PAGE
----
8. Linda says:

    I am all for renewable energy, but after researching and talking with communities that have had “wind farms” placed in their communities, my thoughts have changed. The noise from the turbines can be heard up to 4 miles away and is a constant humming that can cause middle ear problems-many persons have to take sleeping pills EVERY night because of the sound. Some turbines that are close to homes (1500feet) cause a flicker inside your home at sunup/sunset that will also drive you crazy. These turbines are HUGE,hundreds of acres are clearcut-destroying wildlife habitat, the animals are also affected by the noise. Birds get sucked in, especailly bats that use sound/sonar. The wind companies, backed by all these green incentives of the government are dying to put a wind turbine in your backyard too! Once the turbine is up on your property, the wind company will pay you lease money for a few years. What they don’t tell you is exactly how much you’ll be paid, for how long you’ll be paid and what your role will be in the whole process. The company carries NO liability insurance- so, if that turbine blade falls off and whips through the air and kills your neighbor, guess whos responsible? YOU- it’s on your property.
    Another issue about wind power in general- so far, no study or research has proven that wind farms have lessened our burden on energy usage, some studies say it contributes less than 0.002 percent. And, if wind farms in Maine are so great, why is all the power it does create being sold to the highest bidder OUT OF STATE!! I urge everyone to get in touch with communities/persons that have experieinced wind turbines-it’s not all that it’s cracked up to be.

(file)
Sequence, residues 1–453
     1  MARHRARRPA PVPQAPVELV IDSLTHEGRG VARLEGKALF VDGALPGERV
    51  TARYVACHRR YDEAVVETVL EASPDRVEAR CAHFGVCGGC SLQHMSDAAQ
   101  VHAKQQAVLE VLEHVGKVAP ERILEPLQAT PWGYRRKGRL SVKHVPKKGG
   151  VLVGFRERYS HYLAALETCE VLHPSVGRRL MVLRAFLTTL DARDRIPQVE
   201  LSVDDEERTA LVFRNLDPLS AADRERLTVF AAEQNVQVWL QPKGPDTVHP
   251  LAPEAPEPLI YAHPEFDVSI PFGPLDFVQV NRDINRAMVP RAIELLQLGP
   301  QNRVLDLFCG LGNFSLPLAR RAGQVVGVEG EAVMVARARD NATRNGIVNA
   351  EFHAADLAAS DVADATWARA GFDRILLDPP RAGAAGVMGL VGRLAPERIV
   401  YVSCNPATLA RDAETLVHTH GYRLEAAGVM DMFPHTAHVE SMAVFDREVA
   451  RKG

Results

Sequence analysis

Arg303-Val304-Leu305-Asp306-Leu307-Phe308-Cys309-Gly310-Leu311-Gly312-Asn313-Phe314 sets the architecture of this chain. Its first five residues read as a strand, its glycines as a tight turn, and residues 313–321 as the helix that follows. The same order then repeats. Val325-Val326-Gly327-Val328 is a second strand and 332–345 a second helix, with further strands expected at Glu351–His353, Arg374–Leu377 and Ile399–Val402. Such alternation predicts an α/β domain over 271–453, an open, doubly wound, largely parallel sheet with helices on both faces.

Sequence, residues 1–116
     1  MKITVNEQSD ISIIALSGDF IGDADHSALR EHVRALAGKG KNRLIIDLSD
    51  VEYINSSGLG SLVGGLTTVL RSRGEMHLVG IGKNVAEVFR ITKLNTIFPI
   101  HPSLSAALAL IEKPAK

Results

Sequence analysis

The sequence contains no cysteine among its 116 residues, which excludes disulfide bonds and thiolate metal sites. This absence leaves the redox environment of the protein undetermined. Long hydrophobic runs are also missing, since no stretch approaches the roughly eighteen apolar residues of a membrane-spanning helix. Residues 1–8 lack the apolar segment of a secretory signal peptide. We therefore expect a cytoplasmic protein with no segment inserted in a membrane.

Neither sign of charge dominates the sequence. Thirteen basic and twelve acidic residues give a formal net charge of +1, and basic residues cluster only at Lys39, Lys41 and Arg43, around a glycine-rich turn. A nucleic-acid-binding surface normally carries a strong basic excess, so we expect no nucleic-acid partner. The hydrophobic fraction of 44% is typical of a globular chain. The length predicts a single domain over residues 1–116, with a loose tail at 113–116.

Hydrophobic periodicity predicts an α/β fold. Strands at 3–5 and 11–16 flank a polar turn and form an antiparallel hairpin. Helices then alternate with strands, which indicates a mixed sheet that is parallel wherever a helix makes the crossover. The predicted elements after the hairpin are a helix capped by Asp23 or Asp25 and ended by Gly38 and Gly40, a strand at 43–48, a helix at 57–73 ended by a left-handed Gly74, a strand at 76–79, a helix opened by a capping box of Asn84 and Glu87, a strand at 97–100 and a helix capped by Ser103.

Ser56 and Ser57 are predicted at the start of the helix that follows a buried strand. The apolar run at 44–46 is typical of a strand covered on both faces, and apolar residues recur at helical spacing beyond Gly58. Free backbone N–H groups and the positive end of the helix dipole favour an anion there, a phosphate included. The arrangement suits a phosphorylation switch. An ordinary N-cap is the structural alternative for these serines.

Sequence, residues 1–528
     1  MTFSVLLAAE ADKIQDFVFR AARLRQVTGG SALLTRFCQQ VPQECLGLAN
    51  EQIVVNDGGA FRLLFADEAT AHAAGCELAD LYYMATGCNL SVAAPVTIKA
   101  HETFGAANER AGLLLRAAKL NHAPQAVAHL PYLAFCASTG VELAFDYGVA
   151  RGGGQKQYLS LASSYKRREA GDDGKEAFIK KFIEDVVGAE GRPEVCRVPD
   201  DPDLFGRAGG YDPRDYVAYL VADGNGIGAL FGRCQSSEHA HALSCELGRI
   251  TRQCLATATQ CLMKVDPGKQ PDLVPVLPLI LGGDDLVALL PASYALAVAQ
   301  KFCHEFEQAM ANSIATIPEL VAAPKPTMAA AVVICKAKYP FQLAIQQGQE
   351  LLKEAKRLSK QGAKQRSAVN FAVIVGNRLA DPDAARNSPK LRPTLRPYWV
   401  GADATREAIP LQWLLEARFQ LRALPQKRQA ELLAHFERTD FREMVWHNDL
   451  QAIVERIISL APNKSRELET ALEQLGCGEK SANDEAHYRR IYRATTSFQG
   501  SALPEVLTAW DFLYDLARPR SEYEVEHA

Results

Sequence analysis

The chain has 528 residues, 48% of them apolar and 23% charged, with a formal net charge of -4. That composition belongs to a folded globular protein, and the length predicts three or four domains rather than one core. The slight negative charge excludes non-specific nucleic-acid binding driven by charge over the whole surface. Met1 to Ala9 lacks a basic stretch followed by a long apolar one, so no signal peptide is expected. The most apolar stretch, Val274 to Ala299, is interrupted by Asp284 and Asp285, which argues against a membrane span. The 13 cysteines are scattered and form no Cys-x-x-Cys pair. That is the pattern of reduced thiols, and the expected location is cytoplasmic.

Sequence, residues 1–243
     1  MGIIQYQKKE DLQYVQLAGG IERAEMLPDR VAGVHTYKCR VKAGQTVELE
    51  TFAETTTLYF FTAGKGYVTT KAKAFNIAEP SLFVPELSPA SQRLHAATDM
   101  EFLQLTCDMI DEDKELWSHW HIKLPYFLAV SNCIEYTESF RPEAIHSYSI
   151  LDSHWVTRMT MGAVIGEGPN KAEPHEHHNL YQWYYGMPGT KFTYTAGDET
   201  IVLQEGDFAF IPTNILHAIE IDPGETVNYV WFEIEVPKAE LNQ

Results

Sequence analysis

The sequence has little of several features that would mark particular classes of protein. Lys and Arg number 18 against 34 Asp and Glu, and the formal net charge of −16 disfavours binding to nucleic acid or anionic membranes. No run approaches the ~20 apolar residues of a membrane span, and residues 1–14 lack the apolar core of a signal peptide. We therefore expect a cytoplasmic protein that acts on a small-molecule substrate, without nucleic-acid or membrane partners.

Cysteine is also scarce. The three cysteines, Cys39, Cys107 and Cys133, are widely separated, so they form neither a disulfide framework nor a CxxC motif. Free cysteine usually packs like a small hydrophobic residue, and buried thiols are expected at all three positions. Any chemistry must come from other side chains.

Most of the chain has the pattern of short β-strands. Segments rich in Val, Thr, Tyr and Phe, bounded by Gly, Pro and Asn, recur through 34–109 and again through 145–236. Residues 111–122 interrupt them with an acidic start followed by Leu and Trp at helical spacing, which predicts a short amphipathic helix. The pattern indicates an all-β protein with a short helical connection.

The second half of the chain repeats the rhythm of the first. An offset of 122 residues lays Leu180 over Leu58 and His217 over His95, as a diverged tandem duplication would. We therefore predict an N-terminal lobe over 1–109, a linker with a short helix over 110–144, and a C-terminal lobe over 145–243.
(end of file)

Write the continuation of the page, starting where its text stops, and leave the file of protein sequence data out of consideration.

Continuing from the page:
9. Matt says:

    The absence of education trumps the NIMBY community. I believe I speak for a lot of people when I say I understand the stance of the NIMBY community, but not their reasoning. How hard is it to just plain say ‘I don’t want a wind farm, or even a wind turbine in sight of my residence?’ Easy right! However, it is going to be those same people (IMO) who point fingers when the condition of the national electric grid worsens before it gets better. We may sell excess electric to outsiders but we contribute to the national grid as a whole.
    The NIMBY community will surely have something to complain about when they flick their light switch and are left in the dark with their reliable flashlights if an energy crisis takes place due to a shortage of alternative energy sources (assuming population and industrial growth take rise substantially by 2030 as expected).
    Everyone is entitled to their own opinion, but do not complain until you understand. I recommend a quick viewing of the following site as an informational foundation to the NIMBY community, as well as anyone else who is interested in the topic. Who wouldn’t want to have their electric bills offset by producing their own electricity via RECs (Renewable Energy Credits)?

  10. David F says:

    I view Stetson Mt project almost everyday that I travel to Danforth. It seems many days that the blades are not moving, so the only time that they claim how many households are served is based on all windmills generating electricity.

    My concern as a landowner is where a proposed transmission line is to be built on land I manage. The proposed acreage to be used is about 50 acres.

    As a certified tree farmer of course I will lose income due not able to grow trees, thus lose of income. Second I am assessed $50 an acre for this land that is of no value to me.